Signs That Your Car Needs A Mechanic

HOME > QUESTIONS? > IS MY CAR BROKEN?

Bonita Point Auto Care Is Here To Help You in Chula Vista, CA!!!


Is my car broken? Sometimes it's hard to know when your car just needs a break and when it needs a mechanic. By being proactive when you notice something amiss, you may save yourself a lot of money and trouble by getting it diagnosed early! Our technicians are here to assist you in diagnosing potential vehicle malfunctions.

Do you have good sense? We bet you do! Use your SENSES to determine whether you should bring your car by for one of our professionals to inspect.

Do you FEEL anything out of the ordinary?
Some experiences that customers who have needed an automobile mechanic have in common are:
  • Front-End Shimmy
  • Steering Wheel Shake
  • Unusual Vibration

Do you HEAR anything different or unique?
Some common sounds that warrant a visit to your mechanic are:
  • Clunk or Clunking
  • Noise When Turning
  • Clacking
  • Clicking
  • Chickachicka
  • Squeak or Squeaking
  • Leaking Air Sound

Do you SEE anything new or questionable?
Some common problems you might see are:
  • Unusual lights
  • Leaking
  • Flickering

Do you SMELL anything funny?
Some common smells that mean your car may need a repair shop are:
  • Gas
  • Oil
  • Burning

Stop by Bonita Point Auto Care located at 1495 East H St Chula Vista, CA 91910 or call 619-421-7600 to talk to one of our friendly and professional technicians.

Associations

  • BBB Reviews
  • ASE (Automotive Service Excellence)
  • CARQUEST
  • TECH-NET
  • World Pac
  • AAA Approved Auto Repair
  • ASCCA
  • Star Certified Smog Station
  • Car Care Aware

Vehicle Tips

  • According to recent studies, 5 percent of all motor vehicle fatalities are clearly caused by automobile maintenance neglect.
  • The cooling system should be completely flushed and refilled about every 24 months. The level, condition, and concentration of coolant should be checked. (A 50/50 mix of anti-freeze and water is usually recommended.)
  • Never remove the radiator cap until the engine has thoroughly cooled. The tightness and condition of drive belts, clamps and hoses should be checked by a pro.
  • Change your oil and oil filter as specified in your manual, or more often (every 3,000 miles) if you make frequent short jaunts, extended trips with lots of luggage or tow a trailer.
  • Replace other filters (air, fuel, PCV, etc.) as recommended, or more often in dusty conditions. Get engine drivability problems (hard stops, rough idling, stalling, diminished power, etc.) corrected at a good shop.
  • A dirty windshield causes eye fatigue and can pose a safety hazard. Replace worn blades and get plenty of windshield washer solvent.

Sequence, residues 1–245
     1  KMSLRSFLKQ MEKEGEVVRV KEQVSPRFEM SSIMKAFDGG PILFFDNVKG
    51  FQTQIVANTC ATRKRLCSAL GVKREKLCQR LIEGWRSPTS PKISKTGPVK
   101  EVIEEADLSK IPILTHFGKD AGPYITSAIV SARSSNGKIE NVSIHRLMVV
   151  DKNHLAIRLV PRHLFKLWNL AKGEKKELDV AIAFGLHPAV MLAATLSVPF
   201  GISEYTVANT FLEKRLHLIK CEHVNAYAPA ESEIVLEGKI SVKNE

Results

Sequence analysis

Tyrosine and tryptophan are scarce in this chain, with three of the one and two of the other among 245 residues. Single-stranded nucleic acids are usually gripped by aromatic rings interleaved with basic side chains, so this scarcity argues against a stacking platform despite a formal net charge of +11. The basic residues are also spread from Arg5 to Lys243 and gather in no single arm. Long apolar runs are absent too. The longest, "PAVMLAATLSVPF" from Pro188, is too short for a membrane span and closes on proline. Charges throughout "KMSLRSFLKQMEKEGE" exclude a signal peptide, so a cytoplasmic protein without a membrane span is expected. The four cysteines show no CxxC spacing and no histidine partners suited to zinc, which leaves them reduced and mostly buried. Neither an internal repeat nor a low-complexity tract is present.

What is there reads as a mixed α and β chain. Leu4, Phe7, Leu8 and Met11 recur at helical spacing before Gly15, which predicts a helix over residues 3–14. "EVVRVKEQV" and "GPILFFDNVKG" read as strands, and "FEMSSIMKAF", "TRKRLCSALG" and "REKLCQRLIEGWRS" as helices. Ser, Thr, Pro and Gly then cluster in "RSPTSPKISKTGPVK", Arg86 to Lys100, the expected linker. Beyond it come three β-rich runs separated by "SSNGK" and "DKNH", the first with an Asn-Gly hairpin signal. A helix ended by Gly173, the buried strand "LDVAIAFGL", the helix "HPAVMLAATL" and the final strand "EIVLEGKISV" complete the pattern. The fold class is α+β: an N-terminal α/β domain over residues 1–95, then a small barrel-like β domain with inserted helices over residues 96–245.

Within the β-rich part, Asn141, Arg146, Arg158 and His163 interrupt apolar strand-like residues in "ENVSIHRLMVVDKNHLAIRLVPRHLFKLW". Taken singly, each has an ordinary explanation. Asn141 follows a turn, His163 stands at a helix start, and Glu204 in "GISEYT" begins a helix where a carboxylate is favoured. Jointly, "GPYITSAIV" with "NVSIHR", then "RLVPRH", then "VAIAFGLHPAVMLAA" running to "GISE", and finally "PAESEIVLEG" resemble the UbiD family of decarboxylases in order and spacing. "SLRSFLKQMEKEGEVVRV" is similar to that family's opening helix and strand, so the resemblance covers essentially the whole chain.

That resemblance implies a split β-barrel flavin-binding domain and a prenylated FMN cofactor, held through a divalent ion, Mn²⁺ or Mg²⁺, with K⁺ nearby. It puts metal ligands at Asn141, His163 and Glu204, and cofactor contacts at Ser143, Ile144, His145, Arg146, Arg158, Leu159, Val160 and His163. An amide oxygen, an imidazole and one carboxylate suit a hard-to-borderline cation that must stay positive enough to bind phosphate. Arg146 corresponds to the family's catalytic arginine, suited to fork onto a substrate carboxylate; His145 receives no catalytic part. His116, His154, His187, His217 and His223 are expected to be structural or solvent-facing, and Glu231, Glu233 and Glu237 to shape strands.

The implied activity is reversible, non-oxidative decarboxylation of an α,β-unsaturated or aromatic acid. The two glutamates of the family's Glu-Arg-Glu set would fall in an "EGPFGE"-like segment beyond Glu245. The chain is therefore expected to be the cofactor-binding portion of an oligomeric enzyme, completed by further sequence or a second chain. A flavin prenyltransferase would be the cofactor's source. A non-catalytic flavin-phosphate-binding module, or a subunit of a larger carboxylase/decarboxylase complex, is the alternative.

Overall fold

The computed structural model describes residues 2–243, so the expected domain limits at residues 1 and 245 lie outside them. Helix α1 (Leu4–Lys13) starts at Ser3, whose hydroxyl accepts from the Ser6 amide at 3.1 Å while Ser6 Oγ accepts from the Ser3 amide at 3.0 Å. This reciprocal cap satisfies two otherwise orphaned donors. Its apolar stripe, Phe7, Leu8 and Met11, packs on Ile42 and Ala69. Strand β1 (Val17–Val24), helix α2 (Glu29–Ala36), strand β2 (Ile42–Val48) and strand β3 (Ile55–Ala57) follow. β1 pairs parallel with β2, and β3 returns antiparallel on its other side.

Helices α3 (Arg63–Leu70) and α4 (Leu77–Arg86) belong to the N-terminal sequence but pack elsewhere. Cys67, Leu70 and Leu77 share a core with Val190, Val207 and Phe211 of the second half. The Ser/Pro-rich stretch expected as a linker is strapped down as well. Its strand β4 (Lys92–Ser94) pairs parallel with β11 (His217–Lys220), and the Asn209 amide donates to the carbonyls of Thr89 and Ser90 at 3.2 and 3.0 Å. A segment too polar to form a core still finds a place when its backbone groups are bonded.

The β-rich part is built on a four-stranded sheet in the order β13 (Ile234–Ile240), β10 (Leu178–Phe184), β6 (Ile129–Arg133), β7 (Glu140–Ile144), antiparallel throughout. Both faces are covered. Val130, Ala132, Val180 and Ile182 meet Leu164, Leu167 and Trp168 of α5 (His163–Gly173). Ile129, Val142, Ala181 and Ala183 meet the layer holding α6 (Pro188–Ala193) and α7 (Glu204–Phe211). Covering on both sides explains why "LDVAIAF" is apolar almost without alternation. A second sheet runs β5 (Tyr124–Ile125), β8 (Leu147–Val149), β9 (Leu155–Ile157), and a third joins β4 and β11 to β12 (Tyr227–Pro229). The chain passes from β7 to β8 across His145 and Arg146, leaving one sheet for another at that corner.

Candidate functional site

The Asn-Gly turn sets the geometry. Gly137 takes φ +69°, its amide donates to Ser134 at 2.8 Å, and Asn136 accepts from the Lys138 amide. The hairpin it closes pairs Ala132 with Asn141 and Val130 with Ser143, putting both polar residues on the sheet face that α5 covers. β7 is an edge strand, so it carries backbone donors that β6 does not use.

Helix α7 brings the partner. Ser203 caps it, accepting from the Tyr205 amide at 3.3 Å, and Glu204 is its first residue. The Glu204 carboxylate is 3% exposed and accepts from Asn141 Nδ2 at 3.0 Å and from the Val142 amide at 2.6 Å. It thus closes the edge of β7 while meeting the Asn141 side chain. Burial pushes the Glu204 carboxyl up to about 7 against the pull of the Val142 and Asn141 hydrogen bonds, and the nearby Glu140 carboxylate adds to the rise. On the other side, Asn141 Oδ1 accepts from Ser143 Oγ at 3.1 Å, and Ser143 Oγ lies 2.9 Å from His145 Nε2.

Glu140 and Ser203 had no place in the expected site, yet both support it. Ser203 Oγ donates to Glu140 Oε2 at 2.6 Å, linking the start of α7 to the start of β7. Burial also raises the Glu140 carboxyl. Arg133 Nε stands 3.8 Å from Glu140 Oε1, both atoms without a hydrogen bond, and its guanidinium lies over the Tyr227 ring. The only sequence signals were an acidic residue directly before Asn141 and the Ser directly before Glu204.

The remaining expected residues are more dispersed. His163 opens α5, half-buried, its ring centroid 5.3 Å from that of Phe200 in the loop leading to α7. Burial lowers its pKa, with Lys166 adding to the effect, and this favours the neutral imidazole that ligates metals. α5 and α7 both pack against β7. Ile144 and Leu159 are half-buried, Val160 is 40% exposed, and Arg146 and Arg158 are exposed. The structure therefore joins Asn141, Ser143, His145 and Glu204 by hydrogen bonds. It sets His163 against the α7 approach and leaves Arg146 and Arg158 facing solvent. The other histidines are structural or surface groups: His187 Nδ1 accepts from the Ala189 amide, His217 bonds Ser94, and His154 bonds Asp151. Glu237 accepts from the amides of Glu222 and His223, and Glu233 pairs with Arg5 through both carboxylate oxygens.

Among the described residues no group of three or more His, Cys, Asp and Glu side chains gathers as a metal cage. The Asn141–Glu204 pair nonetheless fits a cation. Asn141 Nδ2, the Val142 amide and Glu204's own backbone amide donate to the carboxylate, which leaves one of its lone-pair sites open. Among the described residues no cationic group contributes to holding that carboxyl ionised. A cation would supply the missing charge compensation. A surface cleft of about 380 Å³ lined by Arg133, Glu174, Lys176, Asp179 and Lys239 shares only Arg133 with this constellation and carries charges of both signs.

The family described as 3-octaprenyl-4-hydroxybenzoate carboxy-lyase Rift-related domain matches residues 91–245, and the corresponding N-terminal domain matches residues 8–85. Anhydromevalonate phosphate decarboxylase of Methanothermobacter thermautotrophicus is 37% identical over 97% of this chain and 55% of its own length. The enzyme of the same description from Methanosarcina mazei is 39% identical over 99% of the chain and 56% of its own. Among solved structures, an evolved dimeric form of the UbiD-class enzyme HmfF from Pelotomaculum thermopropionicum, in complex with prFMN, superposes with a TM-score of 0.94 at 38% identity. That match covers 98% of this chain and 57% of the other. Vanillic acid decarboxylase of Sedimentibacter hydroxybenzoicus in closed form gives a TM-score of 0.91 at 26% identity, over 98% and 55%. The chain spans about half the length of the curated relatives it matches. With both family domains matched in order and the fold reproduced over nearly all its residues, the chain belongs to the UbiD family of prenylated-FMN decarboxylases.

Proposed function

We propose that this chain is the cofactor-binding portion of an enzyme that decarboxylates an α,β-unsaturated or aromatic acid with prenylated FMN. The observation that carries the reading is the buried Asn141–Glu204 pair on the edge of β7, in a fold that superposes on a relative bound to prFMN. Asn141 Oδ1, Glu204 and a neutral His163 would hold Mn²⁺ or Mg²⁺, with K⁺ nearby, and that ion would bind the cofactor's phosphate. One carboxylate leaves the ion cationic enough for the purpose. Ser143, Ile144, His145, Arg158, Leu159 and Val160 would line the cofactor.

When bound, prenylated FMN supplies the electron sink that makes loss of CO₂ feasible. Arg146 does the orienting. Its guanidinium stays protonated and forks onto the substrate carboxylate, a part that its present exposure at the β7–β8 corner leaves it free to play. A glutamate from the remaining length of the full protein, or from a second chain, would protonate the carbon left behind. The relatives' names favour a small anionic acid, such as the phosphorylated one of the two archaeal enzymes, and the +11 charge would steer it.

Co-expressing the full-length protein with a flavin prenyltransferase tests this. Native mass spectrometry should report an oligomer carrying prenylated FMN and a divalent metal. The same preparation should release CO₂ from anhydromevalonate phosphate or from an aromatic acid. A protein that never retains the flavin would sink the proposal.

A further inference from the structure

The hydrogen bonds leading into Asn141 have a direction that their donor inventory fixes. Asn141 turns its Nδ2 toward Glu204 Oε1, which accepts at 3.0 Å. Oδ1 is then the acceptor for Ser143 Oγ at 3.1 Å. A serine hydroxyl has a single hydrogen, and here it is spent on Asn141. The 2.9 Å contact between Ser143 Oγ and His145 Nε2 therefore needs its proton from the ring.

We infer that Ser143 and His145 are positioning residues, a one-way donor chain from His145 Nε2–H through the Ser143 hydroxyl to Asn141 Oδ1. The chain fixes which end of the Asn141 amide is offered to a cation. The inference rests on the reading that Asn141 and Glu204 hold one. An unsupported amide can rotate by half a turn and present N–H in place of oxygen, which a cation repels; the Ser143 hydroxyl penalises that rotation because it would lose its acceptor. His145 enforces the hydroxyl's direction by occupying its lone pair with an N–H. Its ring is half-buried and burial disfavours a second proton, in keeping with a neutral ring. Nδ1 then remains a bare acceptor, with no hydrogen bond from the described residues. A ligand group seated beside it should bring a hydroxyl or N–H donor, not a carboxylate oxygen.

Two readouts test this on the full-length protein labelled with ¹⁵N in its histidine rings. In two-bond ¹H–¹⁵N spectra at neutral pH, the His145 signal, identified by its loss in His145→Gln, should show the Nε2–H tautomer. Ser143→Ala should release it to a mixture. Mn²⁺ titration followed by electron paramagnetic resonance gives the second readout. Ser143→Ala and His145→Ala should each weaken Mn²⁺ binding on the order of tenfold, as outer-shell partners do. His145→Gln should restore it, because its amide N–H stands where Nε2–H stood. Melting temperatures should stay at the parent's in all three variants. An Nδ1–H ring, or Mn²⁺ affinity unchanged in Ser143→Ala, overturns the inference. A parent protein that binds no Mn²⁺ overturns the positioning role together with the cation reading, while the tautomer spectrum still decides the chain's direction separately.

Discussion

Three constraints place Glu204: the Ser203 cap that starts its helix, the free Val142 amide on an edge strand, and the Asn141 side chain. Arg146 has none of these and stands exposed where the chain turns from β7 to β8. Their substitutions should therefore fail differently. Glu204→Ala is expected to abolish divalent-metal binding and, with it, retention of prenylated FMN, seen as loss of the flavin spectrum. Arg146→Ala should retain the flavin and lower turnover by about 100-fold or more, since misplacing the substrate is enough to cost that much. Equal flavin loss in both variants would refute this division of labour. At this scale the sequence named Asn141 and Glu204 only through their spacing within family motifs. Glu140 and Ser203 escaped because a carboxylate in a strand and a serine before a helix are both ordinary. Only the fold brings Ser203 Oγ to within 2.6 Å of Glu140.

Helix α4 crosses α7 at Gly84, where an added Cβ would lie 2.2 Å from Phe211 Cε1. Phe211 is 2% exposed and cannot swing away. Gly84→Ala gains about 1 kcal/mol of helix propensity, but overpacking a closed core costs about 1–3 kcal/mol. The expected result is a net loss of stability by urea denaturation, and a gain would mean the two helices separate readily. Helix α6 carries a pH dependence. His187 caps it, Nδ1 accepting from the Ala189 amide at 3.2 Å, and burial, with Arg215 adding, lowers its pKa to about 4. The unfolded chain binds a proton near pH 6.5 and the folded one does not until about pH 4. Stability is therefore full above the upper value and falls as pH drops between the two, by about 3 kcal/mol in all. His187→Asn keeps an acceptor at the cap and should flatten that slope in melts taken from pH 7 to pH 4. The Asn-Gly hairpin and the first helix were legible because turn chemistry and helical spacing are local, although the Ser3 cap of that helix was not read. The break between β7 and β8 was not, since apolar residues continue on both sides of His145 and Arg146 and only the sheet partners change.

• Have your tires rotated about every 5,000 miles. Check tire pressures once a month; let the tires cool down first. Don't forget your spare and be sure your jack is in good condition.
  • Check your owner's manual to find out what fuel octane rating your car's engine needs then buy it.
  • Keep your tires inflated to the proper levels. Under-inflated tires make it harder for your car to move down the road, which means your engine uses more fuel to maintain speed.
  • Lighten the load. Heavier vehicles use more fuel, so clean out unnecessary weight in the passenger compartment or trunk before you hit the road.
  • Use the A/C sparingly. The air conditioner puts extra load on the engine forcing more fuel to be used.
  • Keep your windows closed. Wide-open windows, especially at highway speeds, increase aerodynamic drag and the result is up to a 10% decrease in fuel economy.
  • Avoid long idling. If you anticipate being stopped for more than one minute, shut off the car. Contrary to popular belief, restarting the car uses less fuel than letting it idle.
  • Stay within posted speed limits. The faster you drive, the more fuel you use. For example, driving at 65 miles per hour (mph) rather than 55 mph, increases fuel consumption by 20 percent.
  • Use cruise control. Using cruise control on highway trips can help you maintain a constant speed and, in most cases, reduce your fuel consumption.
  • Keep your engine tuned. A fouled spark plug or plugged/restricted fuel injector can reduce fuel efficiency as much as 30 percent.
  • Inspect the engine's belts regularly. Look for cracks or missing sections or segments. Worn belts will affect the engine performance.
  • Have the fuel filter changed every 10,000 miles to prevent rust, dirt and other impurities from entering the fuel system.
  • Change the transmission fluid and filter every 15,000 to 18,000 miles. This will protect the precision-crafted components of the transmission/transaxle.
  • Inspect the suspension system regularly. This will extend the life of the vehicle's tires.